Ransomware-as-a-service? There’s a marketplace on the dark web for it
- Ransomware-as-a-service is a business model between ransomware operators and affiliates in which affiliates pay to launch ransomware attacks developed by operators
- Many strains of ransomware being sold — such as Babuk, GoldenEye, Darkside/BlackCat, Egregor, HiddenTear and WannaCry — have been successfully used in high-profile attacks.
- 87% of the ransomware found on the dark web has been delivered via malicious macros to infect targeted systems.
- Overall, 30 different “brands” of ransomware were identified within marketplace listings and forum discussions.
Ransomware has been a problem for years, and attacks have become increasingly disruptive and damaging for victims, while cyber-extortionists are demanding millions of dollars in ransoms. What is less well known is ‘ransomware-as-a-service,’ though it’s easy to find on the dark web, where ransomware attacks are advertised in the same way that goods are advertised on the legitimate web.
Ransomware-as-a-service is a business model between ransomware operators and affiliates in which affiliates pay to launch ransomware attacks developed by operators. It allows affiliates who lack the skill or time to develop their own ransomware variant to get up and running quickly and affordably. Venafi, the inventor and leading provider of machine identity management, recently did a dark web investigation into ransomware spread via malicious macros.
Conducted in partnership with criminal intelligence provider Forensic Pathways between November 2021 and March 2022, the research analyzed 35 million dark web URLs, including marketplaces and forums, using the Forensic Pathways Dark Search Engine. The analysis uncovered 475 webpages of sophisticated ransomware products and services, with several high-profile groups aggressively marketing ransomware-as-a-service.
Venafi’s vice president of security strategy and threat intelligence, Kevin Bocek, said that “Ransomware continues to be one of the biggest cybersecurity risks in every organization. The ransomware attack on Colonial Pipeline was so severe that it was deemed a national security threat, forcing President Biden to declare a national state of emergency.”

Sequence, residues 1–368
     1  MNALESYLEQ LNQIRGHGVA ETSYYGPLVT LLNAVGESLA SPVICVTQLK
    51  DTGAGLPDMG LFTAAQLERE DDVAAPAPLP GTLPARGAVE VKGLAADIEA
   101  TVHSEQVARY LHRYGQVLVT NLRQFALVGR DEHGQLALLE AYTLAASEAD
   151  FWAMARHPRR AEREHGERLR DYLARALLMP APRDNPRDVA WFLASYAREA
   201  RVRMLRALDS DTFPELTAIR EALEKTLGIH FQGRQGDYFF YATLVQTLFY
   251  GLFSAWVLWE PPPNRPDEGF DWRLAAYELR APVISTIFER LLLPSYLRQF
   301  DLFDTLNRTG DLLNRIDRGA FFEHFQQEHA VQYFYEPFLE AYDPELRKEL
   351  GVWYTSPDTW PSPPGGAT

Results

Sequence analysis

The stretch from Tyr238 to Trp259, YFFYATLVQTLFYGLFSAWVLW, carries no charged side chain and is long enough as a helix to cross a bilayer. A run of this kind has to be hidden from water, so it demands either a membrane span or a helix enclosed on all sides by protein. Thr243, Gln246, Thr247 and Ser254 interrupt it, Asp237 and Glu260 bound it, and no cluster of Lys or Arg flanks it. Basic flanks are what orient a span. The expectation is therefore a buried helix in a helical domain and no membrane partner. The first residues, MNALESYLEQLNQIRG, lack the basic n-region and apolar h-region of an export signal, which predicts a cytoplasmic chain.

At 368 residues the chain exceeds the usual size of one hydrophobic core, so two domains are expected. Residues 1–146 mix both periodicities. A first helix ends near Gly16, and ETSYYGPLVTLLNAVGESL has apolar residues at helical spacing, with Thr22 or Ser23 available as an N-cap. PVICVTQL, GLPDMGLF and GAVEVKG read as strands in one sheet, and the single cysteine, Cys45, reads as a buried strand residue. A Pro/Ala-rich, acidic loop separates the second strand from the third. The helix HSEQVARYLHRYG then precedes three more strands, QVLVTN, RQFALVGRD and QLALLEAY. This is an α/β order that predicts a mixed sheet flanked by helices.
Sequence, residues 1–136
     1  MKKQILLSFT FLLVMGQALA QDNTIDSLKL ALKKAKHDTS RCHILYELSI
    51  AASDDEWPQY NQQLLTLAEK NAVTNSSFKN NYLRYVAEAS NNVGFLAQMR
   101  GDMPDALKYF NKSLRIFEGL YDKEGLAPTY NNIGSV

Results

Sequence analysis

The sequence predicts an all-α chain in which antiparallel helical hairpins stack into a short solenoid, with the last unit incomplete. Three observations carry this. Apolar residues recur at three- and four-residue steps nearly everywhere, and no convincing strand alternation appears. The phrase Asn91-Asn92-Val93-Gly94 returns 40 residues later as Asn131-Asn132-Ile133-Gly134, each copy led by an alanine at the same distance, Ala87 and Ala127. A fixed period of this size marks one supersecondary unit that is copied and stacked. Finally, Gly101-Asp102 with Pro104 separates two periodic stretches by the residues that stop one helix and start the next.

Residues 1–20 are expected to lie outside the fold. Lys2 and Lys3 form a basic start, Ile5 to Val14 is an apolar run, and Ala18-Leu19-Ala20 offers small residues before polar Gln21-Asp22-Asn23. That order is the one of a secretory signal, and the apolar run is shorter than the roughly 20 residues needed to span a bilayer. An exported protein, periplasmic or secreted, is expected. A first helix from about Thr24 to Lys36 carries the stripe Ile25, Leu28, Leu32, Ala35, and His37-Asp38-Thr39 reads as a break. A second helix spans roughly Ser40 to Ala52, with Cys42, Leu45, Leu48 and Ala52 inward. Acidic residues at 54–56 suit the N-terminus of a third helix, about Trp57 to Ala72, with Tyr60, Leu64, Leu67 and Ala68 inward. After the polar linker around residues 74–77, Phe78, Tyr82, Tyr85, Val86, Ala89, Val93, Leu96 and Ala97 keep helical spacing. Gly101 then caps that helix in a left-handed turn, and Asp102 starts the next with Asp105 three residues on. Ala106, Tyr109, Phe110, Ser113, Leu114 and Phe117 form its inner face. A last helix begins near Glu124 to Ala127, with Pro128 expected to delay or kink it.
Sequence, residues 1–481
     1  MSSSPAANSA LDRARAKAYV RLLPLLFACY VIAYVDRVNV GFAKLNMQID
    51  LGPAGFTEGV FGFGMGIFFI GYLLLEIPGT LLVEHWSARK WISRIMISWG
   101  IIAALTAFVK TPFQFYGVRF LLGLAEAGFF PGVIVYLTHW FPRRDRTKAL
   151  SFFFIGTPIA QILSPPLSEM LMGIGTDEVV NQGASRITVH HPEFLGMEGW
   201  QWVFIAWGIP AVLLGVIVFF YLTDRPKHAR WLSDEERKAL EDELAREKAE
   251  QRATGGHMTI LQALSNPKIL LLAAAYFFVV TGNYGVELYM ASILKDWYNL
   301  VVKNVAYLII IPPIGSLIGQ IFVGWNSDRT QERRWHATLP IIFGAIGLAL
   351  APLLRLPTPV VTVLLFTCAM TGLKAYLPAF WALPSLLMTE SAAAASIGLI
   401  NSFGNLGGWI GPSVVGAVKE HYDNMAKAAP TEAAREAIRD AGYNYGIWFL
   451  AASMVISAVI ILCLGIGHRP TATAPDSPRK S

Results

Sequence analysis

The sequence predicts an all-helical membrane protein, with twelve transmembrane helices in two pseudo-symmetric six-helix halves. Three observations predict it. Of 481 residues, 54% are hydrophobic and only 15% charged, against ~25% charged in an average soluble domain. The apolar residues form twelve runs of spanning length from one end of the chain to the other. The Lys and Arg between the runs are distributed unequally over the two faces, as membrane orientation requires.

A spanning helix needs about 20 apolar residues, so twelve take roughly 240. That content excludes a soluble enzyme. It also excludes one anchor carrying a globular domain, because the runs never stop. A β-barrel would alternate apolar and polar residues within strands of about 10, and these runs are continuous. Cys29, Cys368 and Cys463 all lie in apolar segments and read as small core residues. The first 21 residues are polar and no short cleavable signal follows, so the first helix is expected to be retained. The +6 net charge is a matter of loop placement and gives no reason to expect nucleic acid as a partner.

Other findings of the research suggest that 87% of the ransomware found on the dark web has been delivered via malicious macros to infect targeted systems. Macros are used to automate common tasks in Microsoft Office, helping people to be more productive. However, Venafi said attackers can use this same functionality to deliver many kinds of malware, including ransomware.
In February, Microsoft announced a major change to combat the rapid growth of ransomware attacks delivered via malicious macros, but they temporarily reversed that decision in response to community feedback. “Given that almost anyone can launch a ransomware attack using a malicious macro, Microsoft’s indecision around disabling macros should scare everyone. While the company has switched course a second time on disabling macros, the fact that there was backlash from the user community suggests that macros could persist as a ripe attack vector,” Bocek added.
On top of those findings, the research also noted that 30 different “brands” of ransomware were identified within marketplace listings and forum discussions. Among the many strains of ransomware being sold — including Babuk, GoldenEye, Darkside/BlackCat, Egregor, HiddenTear and WannaCry — have been successfully used in high-profile attacks.
Almost certainly, ransomware strains used in high-profile attacks command a higher price for associated services. For example, Venafi and Forensic Pathways said the most expensive listing was US$1,262 for a customized version of Darkside ransomware, which was used in the infamous Colonial Pipeline ransomware attack of 2021.
In general, source code listings for well-known ransomware command higher price points. Babuk source code is listed for US$950 and Paradise source code is selling for US$593. On the other hand, generic ransomware build services also command high prices, with some listings costing more than US$900. At the other end of the price spectrum, many low-cost ransomware options are available across multiple listings — with prices starting from as low as US$0.99 for Lockscreen ransomware.
These findings, as Venafi puts it, are another example of the need for a machine identity management control plane to drive specific business outcomes including observability, consistency and reliability. In particular, code signing is a key machine identity management security control that eliminates the threat of macro-enabled ransomware.
“Using code signing certificates to authenticate macros means that any unsigned macros cannot execute, stopping ransomware attacks in its tracks,” Bocek concludes. “This is an opportunity for security teams to step up and protect their businesses, especially in banking, insurance, healthcare and energy where macros and Office documents are used every day to power decision making.”
29 February 2024
29 February 2024